Executive search professionals, often referred to as headhunters, are hired by organizations to fill critical jobs. Search firms are involved in approximately 8-10% of management hires. An executive search firm works for the hiring organization (not the job seeker) to find the best possible candidate. Often the best candidates are not actively searching for a new job.
Typically executive search consultants focus narrowly within an industry and particular function, and are engaged only for the most senior, or mission-critical positions. The fees for the search, paid by the hiring organization, can range up to 35% of the annual compensation of the position being filled. Executive recruiters fall into two broad categories: retained and contingent.
Retained recruiters work with client firms on an exclusive basis and are paid for conducting the search process, including defining the position, qualifications and potential sources of talent. Retained search professionals usually are paid their fee in thirds, at the milestones of search initiation, candidate presentation and when an offer is extended.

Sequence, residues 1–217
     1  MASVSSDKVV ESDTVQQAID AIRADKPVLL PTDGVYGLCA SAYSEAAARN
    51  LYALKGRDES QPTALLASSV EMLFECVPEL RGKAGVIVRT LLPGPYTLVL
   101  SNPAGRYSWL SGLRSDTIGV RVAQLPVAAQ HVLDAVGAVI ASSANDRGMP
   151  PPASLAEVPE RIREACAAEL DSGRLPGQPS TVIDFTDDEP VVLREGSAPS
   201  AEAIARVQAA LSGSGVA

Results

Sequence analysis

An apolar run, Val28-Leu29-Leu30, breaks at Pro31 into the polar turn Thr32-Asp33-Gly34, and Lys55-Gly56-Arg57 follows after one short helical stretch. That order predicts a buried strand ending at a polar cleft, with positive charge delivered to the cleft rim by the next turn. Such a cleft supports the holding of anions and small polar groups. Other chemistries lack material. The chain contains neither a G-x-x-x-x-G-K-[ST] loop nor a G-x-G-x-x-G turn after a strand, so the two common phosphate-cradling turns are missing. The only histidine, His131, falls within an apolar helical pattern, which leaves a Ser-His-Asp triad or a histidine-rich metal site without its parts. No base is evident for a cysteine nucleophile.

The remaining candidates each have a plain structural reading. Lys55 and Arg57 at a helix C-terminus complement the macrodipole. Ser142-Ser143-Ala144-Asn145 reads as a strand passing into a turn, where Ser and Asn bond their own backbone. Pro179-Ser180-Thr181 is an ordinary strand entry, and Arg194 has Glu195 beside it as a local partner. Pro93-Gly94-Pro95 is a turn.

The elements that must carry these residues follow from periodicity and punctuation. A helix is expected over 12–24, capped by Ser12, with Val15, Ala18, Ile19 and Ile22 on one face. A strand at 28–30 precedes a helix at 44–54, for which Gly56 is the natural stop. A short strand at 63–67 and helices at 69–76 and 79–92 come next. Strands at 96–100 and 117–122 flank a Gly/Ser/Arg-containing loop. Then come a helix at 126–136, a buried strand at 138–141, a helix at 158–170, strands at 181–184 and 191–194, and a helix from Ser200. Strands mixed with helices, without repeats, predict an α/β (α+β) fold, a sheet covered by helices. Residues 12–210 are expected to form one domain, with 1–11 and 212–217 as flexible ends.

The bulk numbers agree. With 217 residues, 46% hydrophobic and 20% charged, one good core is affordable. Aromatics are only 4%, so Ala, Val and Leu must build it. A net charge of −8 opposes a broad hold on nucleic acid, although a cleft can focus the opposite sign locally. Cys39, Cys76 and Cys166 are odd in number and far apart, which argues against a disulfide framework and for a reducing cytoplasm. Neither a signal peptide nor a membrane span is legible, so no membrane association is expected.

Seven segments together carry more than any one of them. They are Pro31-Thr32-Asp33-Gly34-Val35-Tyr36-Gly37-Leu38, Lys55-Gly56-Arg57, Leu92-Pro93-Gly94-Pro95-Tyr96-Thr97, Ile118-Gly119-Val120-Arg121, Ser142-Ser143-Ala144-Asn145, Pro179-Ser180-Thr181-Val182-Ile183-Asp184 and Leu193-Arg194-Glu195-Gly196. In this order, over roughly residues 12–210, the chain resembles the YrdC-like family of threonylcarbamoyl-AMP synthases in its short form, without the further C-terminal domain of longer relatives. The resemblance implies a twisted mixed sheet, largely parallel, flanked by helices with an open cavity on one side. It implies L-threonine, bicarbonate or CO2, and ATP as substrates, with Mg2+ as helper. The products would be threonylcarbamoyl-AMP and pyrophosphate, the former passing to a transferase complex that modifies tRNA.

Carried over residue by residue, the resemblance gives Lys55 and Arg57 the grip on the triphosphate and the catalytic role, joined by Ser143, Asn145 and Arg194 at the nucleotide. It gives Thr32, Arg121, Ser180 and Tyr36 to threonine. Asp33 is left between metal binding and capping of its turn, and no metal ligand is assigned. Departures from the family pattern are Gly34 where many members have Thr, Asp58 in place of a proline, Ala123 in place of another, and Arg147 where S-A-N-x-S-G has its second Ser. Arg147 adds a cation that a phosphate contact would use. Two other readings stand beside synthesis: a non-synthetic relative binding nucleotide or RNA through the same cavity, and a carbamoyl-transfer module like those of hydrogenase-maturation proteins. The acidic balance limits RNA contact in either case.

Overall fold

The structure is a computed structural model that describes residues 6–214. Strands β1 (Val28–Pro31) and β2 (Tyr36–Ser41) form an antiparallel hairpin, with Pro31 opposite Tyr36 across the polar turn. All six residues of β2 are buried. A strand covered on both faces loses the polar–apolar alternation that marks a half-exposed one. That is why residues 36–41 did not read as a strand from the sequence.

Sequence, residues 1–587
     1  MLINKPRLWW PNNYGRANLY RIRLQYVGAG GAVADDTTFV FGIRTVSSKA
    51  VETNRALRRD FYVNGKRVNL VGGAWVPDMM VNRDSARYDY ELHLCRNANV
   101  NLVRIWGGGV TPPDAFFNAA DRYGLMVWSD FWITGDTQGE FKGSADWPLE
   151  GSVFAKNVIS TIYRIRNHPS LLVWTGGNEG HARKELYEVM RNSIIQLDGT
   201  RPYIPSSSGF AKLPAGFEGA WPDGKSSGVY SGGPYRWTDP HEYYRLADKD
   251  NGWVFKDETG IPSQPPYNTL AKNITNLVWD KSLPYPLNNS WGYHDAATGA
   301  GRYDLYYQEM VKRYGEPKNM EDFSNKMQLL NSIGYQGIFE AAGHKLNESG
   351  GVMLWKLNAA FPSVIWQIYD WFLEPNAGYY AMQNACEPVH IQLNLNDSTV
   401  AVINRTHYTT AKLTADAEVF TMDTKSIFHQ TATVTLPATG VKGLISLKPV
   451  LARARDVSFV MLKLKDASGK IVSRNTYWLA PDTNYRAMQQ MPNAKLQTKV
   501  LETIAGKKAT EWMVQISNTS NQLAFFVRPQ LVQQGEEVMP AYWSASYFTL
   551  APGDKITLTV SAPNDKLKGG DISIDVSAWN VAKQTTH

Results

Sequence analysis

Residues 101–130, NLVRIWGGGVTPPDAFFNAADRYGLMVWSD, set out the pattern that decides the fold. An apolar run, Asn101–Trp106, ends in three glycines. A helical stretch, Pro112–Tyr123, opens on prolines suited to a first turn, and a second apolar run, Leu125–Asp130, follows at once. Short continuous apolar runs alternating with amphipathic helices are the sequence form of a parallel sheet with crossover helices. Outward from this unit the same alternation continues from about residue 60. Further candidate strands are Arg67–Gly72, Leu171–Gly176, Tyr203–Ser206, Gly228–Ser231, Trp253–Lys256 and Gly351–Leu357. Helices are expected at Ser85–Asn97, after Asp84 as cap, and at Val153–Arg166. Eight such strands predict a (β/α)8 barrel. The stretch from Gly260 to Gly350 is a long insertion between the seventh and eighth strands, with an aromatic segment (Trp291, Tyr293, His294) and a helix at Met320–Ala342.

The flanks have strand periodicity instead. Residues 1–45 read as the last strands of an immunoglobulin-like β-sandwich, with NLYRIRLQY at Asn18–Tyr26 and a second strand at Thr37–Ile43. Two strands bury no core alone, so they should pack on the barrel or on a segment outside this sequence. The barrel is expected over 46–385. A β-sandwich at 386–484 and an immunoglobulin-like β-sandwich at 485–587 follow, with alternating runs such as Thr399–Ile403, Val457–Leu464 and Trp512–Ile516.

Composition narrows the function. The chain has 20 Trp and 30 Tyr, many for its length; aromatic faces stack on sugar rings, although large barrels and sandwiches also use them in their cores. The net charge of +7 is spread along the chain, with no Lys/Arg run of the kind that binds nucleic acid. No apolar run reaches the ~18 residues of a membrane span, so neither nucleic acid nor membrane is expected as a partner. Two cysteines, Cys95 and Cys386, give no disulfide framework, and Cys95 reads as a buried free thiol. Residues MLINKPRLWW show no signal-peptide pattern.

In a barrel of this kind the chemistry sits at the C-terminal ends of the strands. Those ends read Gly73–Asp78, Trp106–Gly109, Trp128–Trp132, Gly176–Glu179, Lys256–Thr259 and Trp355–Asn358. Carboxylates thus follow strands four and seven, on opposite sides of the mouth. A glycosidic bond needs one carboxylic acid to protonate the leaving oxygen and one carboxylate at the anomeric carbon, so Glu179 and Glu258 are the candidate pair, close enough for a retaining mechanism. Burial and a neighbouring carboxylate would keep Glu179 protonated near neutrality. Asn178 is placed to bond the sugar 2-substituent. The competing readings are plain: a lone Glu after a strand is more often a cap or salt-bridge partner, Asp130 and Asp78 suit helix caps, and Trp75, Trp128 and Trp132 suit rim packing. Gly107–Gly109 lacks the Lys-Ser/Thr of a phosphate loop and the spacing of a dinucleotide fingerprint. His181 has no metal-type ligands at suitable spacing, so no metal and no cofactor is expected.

Contingent recruiters usually do not have exclusivity to fill the position and are paid only when the candidate they present is hired. In fact, multiple contingent agents may be presenting candidates for a given opening.
Executive search should not be confused with an employment agency, or placement firm, and those that find positions for job seekers are all but obsolete today. Legitimate search firms are always paid by their clients and never by the candidate or job applicant.
The following pages will help you understand the executive recruiting landscape: